|1. The Nativity of the Mother of God;
2. The Entrance of the Mother of God into the Temple;
3. The Old Testament Trinity;
4. The Annunciation to the Mother of God;
5. The Nativity of Christ;
6. The Presentation of Christ in the Temple;
7. The Baptism of Christ;
8. The Entrance of Christ into Jerusalem;
9. The Transfiguration;
10. The Ascension;
11. The Dormition;
12. The Raising of Lazarus;
13. The Beheading of St. John the Baptist;
14. The Intercession (Pokrov);
15. The Fiery Ascent of the Prophet Elijah;
16. The Elevation of the Holy Cross.
Since the earliest times, the theme of the Resurrection has been amongst the most popular in Christian art. The Resurrection scene depicted in the centrepiece was among the most popular subjects of the Russian religious art of the Imperial Period. The iconography usually includes numerous details and supplementary scenes from the Passion cycle and the events following the Resurrection. The composition is divided into two tiers. The upper scene is the “Rising from the Tomb”; Christ is depicted rising over the empty tomb, with guards shown asleep at the doorway. A procession of angels descends from the tomb to the Gates of Hades, where the Archangel Michael is shown trampling over Satan. The lower tier depicts the Harrowing of Hades, the descent of Christ into the depths of Sheol, and the liberation of humankind, who – following the Good Thief – rise to the Gates of Heaven. The composition traditionally includes several scenes that precede and follow the Resurrection. In the left-hand corner, we see the Crucifixion and the Apostle Peter at the Tomb of Christ. To the right – the Angel with the myrrh-bearing women; in the lower right-hand corner – the Revelation of Christ to the Apostles at the Sea of Galilee.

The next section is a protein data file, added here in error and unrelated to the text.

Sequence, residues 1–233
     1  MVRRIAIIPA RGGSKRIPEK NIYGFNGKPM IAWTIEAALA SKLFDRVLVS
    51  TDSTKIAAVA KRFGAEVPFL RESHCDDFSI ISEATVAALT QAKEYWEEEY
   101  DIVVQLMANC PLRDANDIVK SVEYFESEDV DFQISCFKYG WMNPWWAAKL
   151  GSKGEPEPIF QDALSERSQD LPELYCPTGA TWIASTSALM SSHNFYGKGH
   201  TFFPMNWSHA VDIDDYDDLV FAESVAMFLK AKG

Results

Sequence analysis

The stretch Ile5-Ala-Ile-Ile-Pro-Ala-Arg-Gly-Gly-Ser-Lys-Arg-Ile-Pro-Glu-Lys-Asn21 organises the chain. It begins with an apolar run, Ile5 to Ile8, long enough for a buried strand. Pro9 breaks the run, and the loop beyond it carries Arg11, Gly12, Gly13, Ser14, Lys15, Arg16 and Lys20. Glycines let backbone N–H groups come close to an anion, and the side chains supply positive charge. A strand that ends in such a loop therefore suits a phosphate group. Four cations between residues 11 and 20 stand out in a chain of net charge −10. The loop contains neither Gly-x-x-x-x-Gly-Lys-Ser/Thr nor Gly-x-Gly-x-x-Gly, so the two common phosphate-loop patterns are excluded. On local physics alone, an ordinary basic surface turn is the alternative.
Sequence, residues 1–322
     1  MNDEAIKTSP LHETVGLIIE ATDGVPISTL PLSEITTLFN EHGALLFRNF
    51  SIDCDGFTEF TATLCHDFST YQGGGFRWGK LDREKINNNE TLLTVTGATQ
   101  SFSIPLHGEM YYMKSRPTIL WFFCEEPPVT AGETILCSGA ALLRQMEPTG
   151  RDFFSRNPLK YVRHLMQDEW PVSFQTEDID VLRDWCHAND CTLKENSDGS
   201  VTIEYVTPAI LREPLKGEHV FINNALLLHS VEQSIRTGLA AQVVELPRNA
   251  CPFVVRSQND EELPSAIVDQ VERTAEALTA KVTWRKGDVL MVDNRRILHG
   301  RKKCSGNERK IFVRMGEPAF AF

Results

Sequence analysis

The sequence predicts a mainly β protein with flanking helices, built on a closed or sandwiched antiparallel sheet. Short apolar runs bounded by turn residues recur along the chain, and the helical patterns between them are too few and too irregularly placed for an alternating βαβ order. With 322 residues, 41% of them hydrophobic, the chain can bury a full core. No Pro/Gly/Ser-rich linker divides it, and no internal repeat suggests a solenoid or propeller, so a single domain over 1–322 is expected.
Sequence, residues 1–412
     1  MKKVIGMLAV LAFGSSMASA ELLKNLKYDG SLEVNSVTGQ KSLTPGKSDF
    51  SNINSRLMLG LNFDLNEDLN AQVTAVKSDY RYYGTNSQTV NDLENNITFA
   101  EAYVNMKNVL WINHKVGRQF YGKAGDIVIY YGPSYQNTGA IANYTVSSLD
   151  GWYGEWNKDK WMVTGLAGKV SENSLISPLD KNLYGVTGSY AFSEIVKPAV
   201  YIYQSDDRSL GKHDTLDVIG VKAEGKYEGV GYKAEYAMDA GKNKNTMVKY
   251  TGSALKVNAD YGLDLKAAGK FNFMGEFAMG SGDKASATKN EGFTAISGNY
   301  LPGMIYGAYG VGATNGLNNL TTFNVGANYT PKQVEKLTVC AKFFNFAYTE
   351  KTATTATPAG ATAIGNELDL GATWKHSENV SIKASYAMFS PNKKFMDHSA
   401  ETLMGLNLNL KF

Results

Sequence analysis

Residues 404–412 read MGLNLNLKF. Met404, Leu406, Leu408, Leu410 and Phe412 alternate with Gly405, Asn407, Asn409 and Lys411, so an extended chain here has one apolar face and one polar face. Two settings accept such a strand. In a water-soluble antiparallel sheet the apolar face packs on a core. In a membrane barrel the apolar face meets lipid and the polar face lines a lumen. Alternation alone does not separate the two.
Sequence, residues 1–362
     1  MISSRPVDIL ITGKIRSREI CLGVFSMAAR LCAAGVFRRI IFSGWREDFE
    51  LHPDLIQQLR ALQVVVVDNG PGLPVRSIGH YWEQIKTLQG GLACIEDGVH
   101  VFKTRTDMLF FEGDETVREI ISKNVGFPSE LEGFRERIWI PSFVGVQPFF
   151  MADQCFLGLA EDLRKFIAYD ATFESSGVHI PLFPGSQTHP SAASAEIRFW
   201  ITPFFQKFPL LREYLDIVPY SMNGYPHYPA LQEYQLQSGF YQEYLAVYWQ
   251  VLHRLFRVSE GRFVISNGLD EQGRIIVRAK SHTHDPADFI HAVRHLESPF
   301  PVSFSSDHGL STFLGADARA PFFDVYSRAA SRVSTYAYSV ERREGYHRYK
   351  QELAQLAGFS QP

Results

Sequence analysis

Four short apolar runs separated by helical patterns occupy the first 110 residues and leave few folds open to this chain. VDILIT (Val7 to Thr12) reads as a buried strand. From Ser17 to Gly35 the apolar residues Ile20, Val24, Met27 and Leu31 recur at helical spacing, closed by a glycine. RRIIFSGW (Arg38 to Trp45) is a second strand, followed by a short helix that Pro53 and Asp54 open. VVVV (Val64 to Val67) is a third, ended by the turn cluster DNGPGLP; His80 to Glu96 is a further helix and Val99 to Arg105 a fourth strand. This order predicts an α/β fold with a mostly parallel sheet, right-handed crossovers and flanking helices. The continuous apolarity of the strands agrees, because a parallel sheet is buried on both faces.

The border scenes include the great Church Feasts. Their selection reflects the popular local tradition, associated with Palekh. In the centre of the upper field is the Old Testament Trinity. The lower ranges are occupied by the scenes of the Fiery Ascent of the Prophet Elijah and the Elevation of the Holy Cross, which coincides with the dedication of Palekh’s two main churches.
The icon is a fine example of Palekh art. The artwork is among the best and most refined examples from the late 18th – early 19th century. Palekh masters were known for their skill in miniature painting, thorough execution of the faces and details, elegant proportions, elongated figures, a clear and refined composition. However, somewhat schematic treatment of figures and the abundance of gold hatching on the vestments indicate that the icon was painted at a later period, most likely in the 1820-1830s.